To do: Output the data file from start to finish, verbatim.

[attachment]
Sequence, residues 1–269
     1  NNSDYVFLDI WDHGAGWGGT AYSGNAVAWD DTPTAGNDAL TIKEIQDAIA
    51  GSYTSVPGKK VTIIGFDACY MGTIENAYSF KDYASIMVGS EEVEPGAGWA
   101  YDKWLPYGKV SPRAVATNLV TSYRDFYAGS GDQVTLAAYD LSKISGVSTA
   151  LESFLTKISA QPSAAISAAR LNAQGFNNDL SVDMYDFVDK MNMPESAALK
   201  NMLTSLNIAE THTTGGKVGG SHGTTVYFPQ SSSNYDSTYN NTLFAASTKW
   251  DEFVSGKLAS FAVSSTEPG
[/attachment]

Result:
Sequence, residues 1–269
     1  NNSDYVFLDI WDHGAGWGGT AYSGNAVAWD DTPTAGNDAL TIKEIQDAIA
    51  GSYTSVPGKK VTIIGFDACY MGTIENAYSF KDYASIMVGS EEVEPGAGWA
   101  YDKWLPYGKV SPRAVATNLV TSYRDFYAGS GDQVTLAAYD LSKISGVSTA
   151  LESFLTKISA QPSAAISAAR LNAQGFNNDL SVDMYDFVDK MNMPESAALK
   201  NMLTSLNIAE THTTGGKVGG SHGTTVYFPQ SSSNYDSTYN NTLFAASTKW
   251  DEFVSGKLAS FAVSSTEPG